Introduction to Exchange Traded Funds (ETFs)
Exchange traded funds are investment funds that are similar to mutual funds in that they can hold a range of assets and commodities. Although most exchange traded funds hold portfolios representative of either bond or stock market indexes, there are also exchange traded funds that invest based on more exotic themes, such as Gold . However, the main difference between exchange traded funds and other investment funds is that exchange traded funds are traded like stock shares on the open market. As a result, the price of shares in an exchange traded fund changes from moment to moment, rather than being calculated once at the end of each trading day.
Advantages to Holding Exchange Traded Funds
There are strong advantages to holding shares in exchange traded funds rather than investing in other assets:
* Exchange traded funds’ resemblance to stock shares gives them a couple of advantages over the competition. First, investors can buy and sell shares in exchange traded funds on an instant’s notice to take advantage of short-term price fluctuations in the market. For example, if an unexpected crash in value suddenly occurs in the market, investors can sell their shares in exchange traded funds to cut their losses short, something that is not possible with less liquid assets. Second, being able to buy and sell shares in exchange traded funds means being able to use those shares for the same purposes as other assets. These purposes include using shares in exchange traded funds to set up hedging strategies, short selling the shares, and purchasing them on margin.
* Shares in exchange traded funds are diversified, meaning that these shares are safer than single equity assets. Diversification means that the risk inherent to investing is spread out among multiple investments, meaning that a single detrimental impact on one investment cannot bring the entire portfolio crashing down. For example, if an investor has 10% of his or her portfolio invested in automobile manufacturer stock shares, the value of that portfolio will fall much less compared to a portfolio with 100% investment in the same shares if something happens to cause their prices to fall. Exchange traded fund shares are automatically diversified due to the portfolio nature of the funds. Furthermore, it is cheaper to diversify using exchange traded funds rather than other assets because there are fewer transaction costs and for small portfolios diversification is virtually impossible due to the high transaction costs of holding a small number of shares of a large number of stocks.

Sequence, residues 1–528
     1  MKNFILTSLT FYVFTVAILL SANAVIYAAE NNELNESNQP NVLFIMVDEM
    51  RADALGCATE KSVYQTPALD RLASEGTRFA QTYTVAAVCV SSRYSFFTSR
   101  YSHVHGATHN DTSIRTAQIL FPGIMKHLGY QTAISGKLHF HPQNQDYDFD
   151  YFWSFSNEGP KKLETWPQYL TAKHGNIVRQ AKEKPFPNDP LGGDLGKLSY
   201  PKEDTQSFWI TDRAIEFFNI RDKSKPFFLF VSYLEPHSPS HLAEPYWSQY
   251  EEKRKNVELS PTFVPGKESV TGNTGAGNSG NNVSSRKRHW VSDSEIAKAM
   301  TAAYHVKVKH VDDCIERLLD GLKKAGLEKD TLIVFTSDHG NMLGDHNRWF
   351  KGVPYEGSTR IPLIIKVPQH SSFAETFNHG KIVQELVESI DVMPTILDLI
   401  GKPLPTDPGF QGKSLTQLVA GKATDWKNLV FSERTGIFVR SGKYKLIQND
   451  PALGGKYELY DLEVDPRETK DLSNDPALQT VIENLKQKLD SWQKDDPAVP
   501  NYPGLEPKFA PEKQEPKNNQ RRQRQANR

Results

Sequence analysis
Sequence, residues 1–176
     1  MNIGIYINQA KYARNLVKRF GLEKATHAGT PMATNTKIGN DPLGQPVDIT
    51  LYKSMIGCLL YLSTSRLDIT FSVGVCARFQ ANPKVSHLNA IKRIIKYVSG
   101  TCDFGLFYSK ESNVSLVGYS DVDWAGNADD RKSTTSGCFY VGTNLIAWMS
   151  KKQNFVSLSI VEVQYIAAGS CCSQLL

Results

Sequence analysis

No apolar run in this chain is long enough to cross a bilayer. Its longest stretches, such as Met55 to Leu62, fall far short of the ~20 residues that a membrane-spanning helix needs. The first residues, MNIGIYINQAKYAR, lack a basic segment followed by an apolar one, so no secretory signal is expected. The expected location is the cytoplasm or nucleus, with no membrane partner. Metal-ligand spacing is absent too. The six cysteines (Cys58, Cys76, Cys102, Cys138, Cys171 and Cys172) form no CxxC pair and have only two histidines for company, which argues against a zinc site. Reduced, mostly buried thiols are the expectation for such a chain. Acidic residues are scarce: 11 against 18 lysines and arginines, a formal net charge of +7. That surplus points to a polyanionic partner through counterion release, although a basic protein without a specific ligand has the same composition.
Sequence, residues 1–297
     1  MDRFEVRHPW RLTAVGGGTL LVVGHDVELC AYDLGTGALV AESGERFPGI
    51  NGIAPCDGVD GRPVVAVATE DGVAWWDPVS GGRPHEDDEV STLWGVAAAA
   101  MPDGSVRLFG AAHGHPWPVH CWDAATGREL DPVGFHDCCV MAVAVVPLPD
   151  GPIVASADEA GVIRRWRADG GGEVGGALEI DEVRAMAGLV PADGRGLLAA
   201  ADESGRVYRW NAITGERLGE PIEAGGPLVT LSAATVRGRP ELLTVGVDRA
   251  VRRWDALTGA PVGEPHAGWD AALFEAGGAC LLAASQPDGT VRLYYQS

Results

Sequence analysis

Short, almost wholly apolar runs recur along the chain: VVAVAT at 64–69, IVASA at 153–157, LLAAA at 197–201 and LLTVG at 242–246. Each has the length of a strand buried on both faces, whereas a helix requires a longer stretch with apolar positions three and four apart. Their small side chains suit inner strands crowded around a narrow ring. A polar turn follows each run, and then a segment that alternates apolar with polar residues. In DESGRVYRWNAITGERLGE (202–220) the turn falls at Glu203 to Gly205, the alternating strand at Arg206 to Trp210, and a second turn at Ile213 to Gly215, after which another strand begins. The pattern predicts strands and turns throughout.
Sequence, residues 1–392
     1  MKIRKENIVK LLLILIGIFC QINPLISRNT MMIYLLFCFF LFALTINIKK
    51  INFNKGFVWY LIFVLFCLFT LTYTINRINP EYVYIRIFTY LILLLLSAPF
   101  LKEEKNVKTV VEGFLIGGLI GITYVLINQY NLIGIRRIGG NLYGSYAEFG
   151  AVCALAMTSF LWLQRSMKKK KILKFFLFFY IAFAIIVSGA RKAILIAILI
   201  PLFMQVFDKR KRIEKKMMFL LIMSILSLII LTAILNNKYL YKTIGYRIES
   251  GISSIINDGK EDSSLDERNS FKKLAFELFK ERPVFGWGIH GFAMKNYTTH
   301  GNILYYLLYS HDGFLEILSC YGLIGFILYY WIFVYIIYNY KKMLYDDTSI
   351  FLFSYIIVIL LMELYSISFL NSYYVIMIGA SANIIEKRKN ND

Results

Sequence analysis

* Exchange traded funds tend to be easier to understand and make use of compared to other assets. Furthermore, the management of exchange traded funds is responsible for choosing the individual stocks (or other components) of the fund so you can be more concerned with choosing the right sector or index that you want to hold, without worrying about also having to choose the right stock in that sector.
Opportunities and Pitfalls of Exchange Traded Funds
Exchange traded funds present investors many advantages but there are potential pitfalls as well. Most of the potential pitfalls of exchange traded funds come from careless usage rather than inherent faults. The composition of exchange traded funds can change over time, and inattentive investors can find that their interests no longer align if they are not careful. Similarly, investors who do not pay attention to their exchange traded funds may miss details about their management that would have changed their investment choices had they been aware. Also exchange traded funds are not guaranteed to always go up. Market conditions can make sector funds go down even as the overall market goes up. And of course, even an index fund will go down if the overall market declines.
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Guest post contributed by Kelly, a freelance forex strategy and finance writer. Kelly writes about advanced trading and online forex trading.
photo credit – epsos on flickr